Origins and genetic legacy of prehistoric dogs

Anders Bergström* (Corresponding Author), Laurent Frantz* (Corresponding Author), Ryan Schmidt, Erik Ersmark, Ophelie Lebrasseur, Linus Girdland-Flink, Audrey T. Lin, Jan Storå, Karl-Göran Sjögren, David Anthony, Ekaterina Antipina, Sarieh Amiri, Guy Bar-Oz, Vladimir I. Bazaliiskii, Jelena Bulatović, Dorcas Brown, Alberto Carmagnini, Tom Davy, Sergey Fedorov, Ivana FioreDeirdre Fulton, Mietje Germonpré, James Haile, Evan K. Irving-Pease, Alexandra Jamieson, Luc Janssens, Irina Kirillova, Liora Kolska Horwitz, Julka Kuzmanovic-Cvetković, Yaroslav Kuzmin, Robert J. Losey, Daria Ložnjak Dizdar, Marjan Mashkour, Mario Novak, Vedat Onar, David Orton, Maja Pasarić, Miljana Radivojević, Dragana Rajković, Benjamin Roberts, Hannah Ryan, Mikhail Sablin, Fedor Shidlovskiy, Ivana Stojanović, Antonio Tagliacozzo, Katerina Trantalidou, Inga Ullén, Aritza Villaluenga, Paula Wapnish, Keith Dobney, Anders Götherström, Anna Linderholm, Love Dalén, Ron Pinhasi*, Greger Larson*, Pontus Skoglund*

*Corresponding author for this work

Research output: Contribution to journalArticlepeer-review

32 Citations (Scopus)

Abstract

Dogs were the first domesticated animal, likely originating from human-associated wolves, but their origin remains unclear. Bergstrom et al. sequenced 27 ancient dog genomes from multiple locations near to and corresponding in time to comparable human ancient DNA sites (see the Perspective by Pavlidis and Somel). By analyzing these genomes, along with other ancient and modern dog genomes, the authors found that dogs likely arose once from a now-extinct wolf population. They also found that at least five different dog populations ∼10,000 years before the present show replacement in Europe at later dates. Furthermore, some dog population genetics are similar to those of humans, whereas others differ, inferring a complex ancestral history for humanity's best friend.Science, this issue p. 557; see also p. 522Dogs were the first domestic animal, but little is known about their population history and to what extent it was linked to humans. We sequenced 27 ancient dog genomes and found that all dogs share a common ancestry distinct from present-day wolves, with limited gene flow from wolves since domestication but substantial dog-to-wolf gene flow. By 11,000 years ago, at least five major ancestry lineages had diversified, demonstrating a deep genetic history of dogs during the Paleolithic. Coanalysis with human genomes reveals aspects of dog population history that mirror humans, including Levant-related ancestry in Africa and early agricultural Europe. Other aspects differ, including the impacts of steppe pastoralist expansions in West and East Eurasia and a near-complete turnover of Neolithic European dog ancestry.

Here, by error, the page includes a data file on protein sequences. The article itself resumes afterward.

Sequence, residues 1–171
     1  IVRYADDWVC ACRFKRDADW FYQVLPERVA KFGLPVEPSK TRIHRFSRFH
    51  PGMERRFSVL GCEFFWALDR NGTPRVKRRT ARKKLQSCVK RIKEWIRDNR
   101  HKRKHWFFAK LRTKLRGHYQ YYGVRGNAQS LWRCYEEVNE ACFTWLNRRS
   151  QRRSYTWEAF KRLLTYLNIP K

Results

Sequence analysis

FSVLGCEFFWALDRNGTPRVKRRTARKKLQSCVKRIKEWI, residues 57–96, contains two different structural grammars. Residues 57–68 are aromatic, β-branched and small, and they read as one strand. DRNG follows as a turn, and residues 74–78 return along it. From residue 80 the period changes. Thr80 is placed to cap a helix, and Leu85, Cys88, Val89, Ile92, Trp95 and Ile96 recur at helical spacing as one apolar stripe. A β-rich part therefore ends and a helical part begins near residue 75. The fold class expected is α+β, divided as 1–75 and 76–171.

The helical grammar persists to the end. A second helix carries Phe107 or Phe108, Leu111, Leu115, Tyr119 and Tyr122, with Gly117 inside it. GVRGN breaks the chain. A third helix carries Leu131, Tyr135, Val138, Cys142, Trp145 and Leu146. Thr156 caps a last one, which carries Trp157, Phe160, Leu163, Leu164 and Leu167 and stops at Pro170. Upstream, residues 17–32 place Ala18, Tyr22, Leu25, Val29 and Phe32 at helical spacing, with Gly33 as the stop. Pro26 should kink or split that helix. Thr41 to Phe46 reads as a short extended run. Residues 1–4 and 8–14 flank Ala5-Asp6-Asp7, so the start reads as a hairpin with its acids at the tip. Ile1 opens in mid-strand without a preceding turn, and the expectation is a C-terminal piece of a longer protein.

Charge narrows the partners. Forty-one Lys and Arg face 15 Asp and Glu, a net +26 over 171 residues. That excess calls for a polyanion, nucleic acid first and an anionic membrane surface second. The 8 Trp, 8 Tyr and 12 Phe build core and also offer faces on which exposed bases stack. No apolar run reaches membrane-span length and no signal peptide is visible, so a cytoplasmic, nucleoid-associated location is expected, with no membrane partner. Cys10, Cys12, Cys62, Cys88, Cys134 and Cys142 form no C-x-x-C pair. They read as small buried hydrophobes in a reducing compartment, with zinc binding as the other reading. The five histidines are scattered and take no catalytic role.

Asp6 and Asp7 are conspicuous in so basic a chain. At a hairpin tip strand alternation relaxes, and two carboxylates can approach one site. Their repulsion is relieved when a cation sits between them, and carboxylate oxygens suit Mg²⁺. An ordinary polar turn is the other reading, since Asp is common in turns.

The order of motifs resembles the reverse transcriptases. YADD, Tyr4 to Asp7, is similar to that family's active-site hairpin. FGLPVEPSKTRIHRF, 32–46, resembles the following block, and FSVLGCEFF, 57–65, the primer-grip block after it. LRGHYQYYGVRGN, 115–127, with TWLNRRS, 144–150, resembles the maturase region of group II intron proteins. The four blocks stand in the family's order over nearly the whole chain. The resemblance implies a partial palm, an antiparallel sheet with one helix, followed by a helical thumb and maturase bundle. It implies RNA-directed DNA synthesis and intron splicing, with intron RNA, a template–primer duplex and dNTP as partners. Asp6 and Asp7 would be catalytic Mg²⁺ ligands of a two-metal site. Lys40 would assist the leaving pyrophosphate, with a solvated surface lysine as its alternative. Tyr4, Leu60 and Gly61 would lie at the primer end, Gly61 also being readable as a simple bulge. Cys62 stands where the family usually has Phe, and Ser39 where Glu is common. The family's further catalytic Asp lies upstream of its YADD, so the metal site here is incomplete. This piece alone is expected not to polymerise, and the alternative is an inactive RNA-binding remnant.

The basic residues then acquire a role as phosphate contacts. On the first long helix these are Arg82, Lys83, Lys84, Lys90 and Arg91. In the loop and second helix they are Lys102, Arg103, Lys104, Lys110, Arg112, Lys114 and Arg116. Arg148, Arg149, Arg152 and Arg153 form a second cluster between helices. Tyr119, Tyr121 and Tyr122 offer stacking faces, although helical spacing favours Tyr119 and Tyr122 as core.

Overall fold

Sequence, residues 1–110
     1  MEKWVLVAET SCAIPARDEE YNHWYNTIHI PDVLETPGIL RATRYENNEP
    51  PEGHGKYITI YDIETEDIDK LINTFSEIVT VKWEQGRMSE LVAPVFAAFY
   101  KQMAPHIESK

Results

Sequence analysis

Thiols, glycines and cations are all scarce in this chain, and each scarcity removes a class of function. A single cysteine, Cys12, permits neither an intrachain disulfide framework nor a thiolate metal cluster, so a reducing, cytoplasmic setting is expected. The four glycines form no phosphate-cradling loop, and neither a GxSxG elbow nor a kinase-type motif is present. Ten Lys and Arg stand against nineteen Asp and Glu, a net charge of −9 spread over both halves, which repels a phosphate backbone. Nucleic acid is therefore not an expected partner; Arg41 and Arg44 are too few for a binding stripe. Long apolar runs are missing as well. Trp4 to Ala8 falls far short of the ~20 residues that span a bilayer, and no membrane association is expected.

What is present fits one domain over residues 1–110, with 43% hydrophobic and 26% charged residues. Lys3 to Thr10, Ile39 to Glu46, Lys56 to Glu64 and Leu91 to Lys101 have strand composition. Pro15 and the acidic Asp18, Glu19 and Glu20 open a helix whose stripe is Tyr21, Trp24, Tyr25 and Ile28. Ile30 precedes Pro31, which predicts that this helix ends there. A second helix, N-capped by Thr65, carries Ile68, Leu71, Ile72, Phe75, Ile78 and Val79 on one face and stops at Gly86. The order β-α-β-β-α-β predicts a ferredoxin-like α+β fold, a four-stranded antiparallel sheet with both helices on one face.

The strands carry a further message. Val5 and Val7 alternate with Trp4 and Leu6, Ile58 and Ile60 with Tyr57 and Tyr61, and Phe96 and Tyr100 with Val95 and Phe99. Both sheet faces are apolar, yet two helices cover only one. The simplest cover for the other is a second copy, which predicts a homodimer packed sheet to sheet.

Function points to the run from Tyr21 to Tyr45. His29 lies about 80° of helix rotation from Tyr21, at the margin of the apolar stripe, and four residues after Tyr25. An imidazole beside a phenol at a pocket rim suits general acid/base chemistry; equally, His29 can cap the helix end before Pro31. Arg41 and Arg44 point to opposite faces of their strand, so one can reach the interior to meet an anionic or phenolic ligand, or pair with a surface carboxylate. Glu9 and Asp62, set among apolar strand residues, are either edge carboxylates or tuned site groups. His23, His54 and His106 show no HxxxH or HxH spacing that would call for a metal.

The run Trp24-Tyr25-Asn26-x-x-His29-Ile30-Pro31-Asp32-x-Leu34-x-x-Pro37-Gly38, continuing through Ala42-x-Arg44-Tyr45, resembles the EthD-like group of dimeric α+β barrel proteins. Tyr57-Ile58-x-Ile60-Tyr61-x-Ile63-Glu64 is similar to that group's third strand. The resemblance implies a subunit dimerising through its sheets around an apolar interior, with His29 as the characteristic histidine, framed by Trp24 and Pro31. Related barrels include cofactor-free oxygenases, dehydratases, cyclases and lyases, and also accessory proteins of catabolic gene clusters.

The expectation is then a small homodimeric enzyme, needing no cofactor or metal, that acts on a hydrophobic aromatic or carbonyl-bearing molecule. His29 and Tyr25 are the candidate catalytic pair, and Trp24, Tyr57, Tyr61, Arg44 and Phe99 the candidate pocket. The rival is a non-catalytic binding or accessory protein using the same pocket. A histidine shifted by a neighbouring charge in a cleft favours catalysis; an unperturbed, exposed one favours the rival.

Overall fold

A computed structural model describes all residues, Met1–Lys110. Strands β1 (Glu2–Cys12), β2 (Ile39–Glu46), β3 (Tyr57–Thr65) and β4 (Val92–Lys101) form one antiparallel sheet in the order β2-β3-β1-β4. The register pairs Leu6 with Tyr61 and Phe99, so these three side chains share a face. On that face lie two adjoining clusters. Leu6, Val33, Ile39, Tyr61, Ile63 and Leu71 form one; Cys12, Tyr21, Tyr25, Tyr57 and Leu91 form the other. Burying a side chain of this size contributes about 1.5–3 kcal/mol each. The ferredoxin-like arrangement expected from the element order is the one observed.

Original languageEnglish
Pages (from-to)557-564
Number of pages8
JournalScience
Volume370
Issue number6516
DOIs
Publication statusPublished - 30 Oct 2020

Keywords

  • ADAPTATION
  • ADMIXTURE
  • ANALYSES REVEAL
  • ANCIENT HUMAN GENOMES
  • DNA EVIDENCE
  • DOMESTICATION
  • EVOLUTION
  • INSIGHTS
  • MIGRATION
  • SUGGEST

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